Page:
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King-emperor Vs. C. Srinivasan - Court Judgment

LegalCrystal Citation
SubjectCriminal
CourtChennai
Decided On
Judge
Reported in(1902)ILR25Mad726
AppellantKing-emperor
RespondentC. Srinivasan
Excerpt:
indian penal code - act xlv of 1860, sections 417, 511, 468--attempting to cheat and forgery--application to university for duplicate certificate by person not entitled--offence. - - 1. the charge of cheating must fail inasmuch as there is no proof that the deception practised by the petitioner on the registrar of the madras university caused harm or damage to him or to the university which he represents......deception for obtaining a duplicate certificate it could not be argued that he would be guilty of cheating unless damage or harm was caused to the person deceived.2. there is also nothing to show that the petitioner acted dishonestly in obtaining the duplicate certificate, that is, that he had any intention of causing wrongful gain to himself or wrongful loss to the university. on the other hand he paid three rupees in cash for the certificate which certainly seems to be greatly in excess of its cost price. then as to the charge of forgery,--assuming that the petitioner fabricated the document b-2, there is no evidence, for the reasons already stated, that he did so fraudulently or dishonestly and with intent to cause damage or injury to the public or to any one. the question before us.....
Judgment:

1. The charge of cheating must fail inasmuch as there is no proof that the deception practised by the petitioner on the Registrar of the Madras University caused harm or damage to him or to the University which he represents. If the real S. Streenivasan had practised a similar deception for obtaining a duplicate certificate it could not be argued that he would be guilty of cheating unless damage or harm was caused to the person deceived.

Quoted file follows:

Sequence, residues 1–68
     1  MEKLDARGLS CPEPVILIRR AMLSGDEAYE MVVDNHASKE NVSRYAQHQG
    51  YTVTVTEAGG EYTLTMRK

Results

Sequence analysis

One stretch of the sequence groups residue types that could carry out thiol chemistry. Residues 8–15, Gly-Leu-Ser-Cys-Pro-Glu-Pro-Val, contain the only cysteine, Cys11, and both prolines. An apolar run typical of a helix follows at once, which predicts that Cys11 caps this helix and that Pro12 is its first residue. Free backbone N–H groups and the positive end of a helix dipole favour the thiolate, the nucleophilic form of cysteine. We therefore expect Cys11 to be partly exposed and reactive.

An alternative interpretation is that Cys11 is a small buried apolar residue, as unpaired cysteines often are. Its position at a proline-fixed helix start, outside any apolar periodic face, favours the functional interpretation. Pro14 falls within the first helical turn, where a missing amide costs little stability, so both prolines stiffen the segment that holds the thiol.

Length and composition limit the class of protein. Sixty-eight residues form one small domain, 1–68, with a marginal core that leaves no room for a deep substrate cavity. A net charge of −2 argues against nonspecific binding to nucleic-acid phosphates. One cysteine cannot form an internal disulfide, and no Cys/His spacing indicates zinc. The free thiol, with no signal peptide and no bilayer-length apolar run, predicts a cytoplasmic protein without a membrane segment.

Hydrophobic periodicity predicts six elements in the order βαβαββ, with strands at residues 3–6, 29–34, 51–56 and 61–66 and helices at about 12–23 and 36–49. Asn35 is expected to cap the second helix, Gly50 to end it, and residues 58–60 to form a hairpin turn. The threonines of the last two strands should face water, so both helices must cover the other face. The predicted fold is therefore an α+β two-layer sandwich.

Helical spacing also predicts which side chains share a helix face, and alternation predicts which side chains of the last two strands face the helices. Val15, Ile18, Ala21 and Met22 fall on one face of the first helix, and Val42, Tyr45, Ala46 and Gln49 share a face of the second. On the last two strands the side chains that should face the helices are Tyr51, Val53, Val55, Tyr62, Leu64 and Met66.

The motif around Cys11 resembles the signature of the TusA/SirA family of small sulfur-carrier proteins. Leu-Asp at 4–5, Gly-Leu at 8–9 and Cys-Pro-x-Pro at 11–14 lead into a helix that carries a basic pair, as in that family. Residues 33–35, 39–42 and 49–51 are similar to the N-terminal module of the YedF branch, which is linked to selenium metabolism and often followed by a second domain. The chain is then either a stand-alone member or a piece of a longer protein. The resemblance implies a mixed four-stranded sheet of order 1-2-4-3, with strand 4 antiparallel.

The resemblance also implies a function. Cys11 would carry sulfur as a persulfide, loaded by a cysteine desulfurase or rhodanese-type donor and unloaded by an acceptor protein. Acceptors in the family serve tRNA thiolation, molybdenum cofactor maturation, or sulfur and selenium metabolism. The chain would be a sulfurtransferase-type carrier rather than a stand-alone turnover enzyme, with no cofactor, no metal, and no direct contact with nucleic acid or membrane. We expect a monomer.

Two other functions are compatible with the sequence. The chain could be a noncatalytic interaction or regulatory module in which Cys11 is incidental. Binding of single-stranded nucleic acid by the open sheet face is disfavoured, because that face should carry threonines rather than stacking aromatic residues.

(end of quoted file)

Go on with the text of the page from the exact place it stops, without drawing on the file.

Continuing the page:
2. There is also nothing to show that the petitioner acted dishonestly in obtaining the duplicate certificate, that is, that he had any intention of causing wrongful gain to himself or wrongful loss to the University. On the other hand he paid three Rupees in cash for the certificate which certainly seems to be greatly in excess of its cost price. Then as to the charge of forgery,--assuming that the petitioner fabricated the document B-2, there is no evidence, for the reasons already stated, that he did so fraudulently or dishonestly and with intent to cause damage or injury to the public or to any one. The question before us is not whether he intended to use the certificate subsequently in order to obtain some temporal advantage by pretending that he had passed the Matriculation Examination. Had he had such intention this mere preparation towards such object would not amount to an attempt to commit an offence within the meaning of Section 511 of the Penal Code.

3. We must therefore reverse the conviction, acquit the prisoner, and direct that he be set at liberty.


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